Nurse Practitioners often ask me “which EMR should I choose”? The answer to that question is dependent on an infinite number of variables, but it all boils down to using the one that is right for you, and thus the answer is “it depends”. Finding and using the right EMR can have far reaching implications for your practice, both today and in the years to come. Having recently gone through my own version of “EMR purgatory”, here are a few tips you’ll want to keep in mind when you make this important decision.
1. Do not be an early adopter! I have this side of me that itches to have the newest gadget and play with the newest software and EMRs are no exception. The problem is, all the bugs are not yet worked out. While that’s okay on that gadget you are playing with, it’s not okay in your practice. You’ll also want to make sure that there is enough input from clinicians and not just software engineers.
2. Meaningful use certification is not enough. Don’t be fooled into thinking that because the software is MU certified that it will meet the needs of your practice. MU certification only tells us the software meets the needs and can do the appropriate reporting for meaningful use attestations.
3. Look for more than one way of inputting information. For example, can you type, use templates and dictate? Can you input data from your computer, tablet or phone?
4. What kind of reports can you pull out of the system? Can you export your entire patient database if needed? Pull reports that will tell you who needs an A1c or a flu vaccine? Will you be able to tell who is due for a pap smear? Think of the different ways in which you’ll want to access patient information and see if you’ll be able to do that.
5. How easy is it for you to use? What about your staff? Will it fit into the flow of your practice? Ideally you want an EMR to support you in the work you do, not one in which your entire workflow needs to adapt to it.
6. What kind of support is available? Is it available during the times you are in the clinic, or even for a bit after hours when you might need some help while completing charts?
7. Assuming you are looking at an online solution, what is their uptime? How often is the system updated, and are those update done at a time that will not interfere with your practice? (I once used a system that updated its software at 7PM my time. This was not good for the folks who were in an earlier time zone!)
8. Is there a way for staff to communicate you with regarding patients (and thus “attaching” charts), or even just interoffice communication (not attached to charts)?
9. Is there a patient portal available? This is going to be more important as we move forward, especially if you are attesting for MU. You’ll see more and more practices offering online appointment scheduling, (secure) email communication, as well as access to medical records.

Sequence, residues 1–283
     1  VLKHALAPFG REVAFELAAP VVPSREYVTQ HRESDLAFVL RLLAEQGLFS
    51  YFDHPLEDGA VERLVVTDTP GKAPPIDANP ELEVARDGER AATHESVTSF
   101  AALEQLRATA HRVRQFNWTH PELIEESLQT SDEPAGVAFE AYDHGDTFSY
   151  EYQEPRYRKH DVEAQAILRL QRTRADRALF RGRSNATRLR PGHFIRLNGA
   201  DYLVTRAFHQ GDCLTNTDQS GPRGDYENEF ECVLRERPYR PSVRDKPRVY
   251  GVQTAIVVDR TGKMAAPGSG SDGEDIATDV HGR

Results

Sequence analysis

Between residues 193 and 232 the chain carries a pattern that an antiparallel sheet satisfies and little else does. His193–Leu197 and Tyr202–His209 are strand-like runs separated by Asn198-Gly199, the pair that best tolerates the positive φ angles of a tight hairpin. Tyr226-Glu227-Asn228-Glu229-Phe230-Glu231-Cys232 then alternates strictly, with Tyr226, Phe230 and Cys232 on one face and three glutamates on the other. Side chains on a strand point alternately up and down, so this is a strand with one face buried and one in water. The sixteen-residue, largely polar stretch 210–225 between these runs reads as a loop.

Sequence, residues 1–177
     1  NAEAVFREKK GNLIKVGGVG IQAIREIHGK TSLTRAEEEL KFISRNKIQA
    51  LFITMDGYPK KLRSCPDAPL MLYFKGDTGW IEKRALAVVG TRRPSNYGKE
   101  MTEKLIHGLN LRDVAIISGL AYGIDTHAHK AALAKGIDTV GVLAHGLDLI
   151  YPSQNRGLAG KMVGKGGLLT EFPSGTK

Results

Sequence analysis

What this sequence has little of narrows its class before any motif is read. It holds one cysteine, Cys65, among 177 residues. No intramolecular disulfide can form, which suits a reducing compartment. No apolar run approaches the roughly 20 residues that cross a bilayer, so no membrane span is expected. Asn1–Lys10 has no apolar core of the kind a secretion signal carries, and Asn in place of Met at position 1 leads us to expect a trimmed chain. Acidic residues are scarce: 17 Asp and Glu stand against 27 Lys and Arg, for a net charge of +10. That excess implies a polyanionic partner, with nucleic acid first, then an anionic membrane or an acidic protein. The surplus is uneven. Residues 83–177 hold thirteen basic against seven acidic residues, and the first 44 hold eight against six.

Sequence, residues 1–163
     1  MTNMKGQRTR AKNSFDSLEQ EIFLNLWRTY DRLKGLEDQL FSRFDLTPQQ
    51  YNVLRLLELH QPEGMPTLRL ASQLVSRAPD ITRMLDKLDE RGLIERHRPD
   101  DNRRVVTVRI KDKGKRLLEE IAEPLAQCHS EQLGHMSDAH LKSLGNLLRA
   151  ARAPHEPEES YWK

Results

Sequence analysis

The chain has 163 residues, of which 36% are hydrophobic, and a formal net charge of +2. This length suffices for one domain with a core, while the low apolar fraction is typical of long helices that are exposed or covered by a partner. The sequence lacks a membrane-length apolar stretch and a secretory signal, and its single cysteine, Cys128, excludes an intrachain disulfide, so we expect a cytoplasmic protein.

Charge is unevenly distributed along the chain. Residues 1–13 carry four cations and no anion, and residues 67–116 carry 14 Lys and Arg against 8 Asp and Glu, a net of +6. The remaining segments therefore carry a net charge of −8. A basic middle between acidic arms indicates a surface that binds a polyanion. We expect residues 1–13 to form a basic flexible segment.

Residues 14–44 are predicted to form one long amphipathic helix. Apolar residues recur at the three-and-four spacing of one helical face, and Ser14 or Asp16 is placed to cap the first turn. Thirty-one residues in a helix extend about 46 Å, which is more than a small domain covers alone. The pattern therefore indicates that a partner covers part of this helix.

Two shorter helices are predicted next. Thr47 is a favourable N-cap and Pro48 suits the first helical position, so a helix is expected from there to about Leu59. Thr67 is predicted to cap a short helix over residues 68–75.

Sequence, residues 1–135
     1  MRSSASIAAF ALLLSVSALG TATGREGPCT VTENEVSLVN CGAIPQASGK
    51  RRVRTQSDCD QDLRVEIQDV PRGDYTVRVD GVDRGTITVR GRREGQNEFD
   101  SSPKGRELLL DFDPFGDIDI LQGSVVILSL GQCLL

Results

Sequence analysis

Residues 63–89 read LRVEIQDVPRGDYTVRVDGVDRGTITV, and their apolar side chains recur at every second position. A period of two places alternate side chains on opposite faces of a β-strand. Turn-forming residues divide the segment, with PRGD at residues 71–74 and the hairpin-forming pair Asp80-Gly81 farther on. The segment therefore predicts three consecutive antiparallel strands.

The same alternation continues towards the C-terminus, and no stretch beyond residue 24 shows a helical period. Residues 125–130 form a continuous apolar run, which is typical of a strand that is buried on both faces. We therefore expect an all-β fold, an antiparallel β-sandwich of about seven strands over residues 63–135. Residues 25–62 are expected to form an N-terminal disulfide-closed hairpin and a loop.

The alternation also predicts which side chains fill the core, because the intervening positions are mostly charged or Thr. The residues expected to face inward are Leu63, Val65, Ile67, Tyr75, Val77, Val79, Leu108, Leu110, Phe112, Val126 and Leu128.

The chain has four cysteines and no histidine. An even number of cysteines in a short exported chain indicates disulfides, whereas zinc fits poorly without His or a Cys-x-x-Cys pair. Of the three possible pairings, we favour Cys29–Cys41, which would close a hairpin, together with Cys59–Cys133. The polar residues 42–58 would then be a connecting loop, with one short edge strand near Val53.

10. Cost. As practice reimbursement changes (shrinks), controlling overhead becomes critical. The most common cost of EMRs tenders to be per month per provider. While I’ve seen as low as $100 (including eRx), I’ve seen that number jump to $500+/month per provider. There are also some EMR’s that are free and will provide many, if not all of the same services.
11. Is there integration with labs, imaging or services and others? Ideally, you’ll want to be able to order services as well as receive reports directly into your system.
12. Practice Management. You want to be able to generate your billing or at least be able to complete your note and finish off the “superbill” for your biller to be able to pick it up and bill the visit. Having an integrated system will cut down on cost, time and potential errors.
13. Ability to generate your notes and send them out from the system to referring providers, specialists and the like is an added bonus!
An often requested, and yet to be seen feature is for flow sheets. Many of us who have been “old school” miss the tried and true flow sheet where at a glance we can see trends or outlier information. While I’ve heard of many work-arounds, I’ve yet to hear of something completely integrated.
This list of 13 is far from exhaustive. It’s up to each person to do their own homework. Make sure you demo any software as much as possible. Better yet, see if you can get your own copy of the software to try out just as if you were seeing patients in real time. Talk with other users, check the user and support forums and look around for problems as well as positive reviews. Remember, there is no perfect EMR out there, and the best one for you is the one that is best for you!
What’s worked (or not) for you? Your colleagues want to know! Leave your comments below.
Barbara C. Phillips, NP, FAANP is a professional speaker, author, clinician and business owner who provides business education, resources and support to Nurse Practitioners, Physician Assistants and other Advance Practice Clinicians — both for the employed and self-employed clinician. Additional information about Ms. Phillips is available at www.BarbaraCPhillips.com.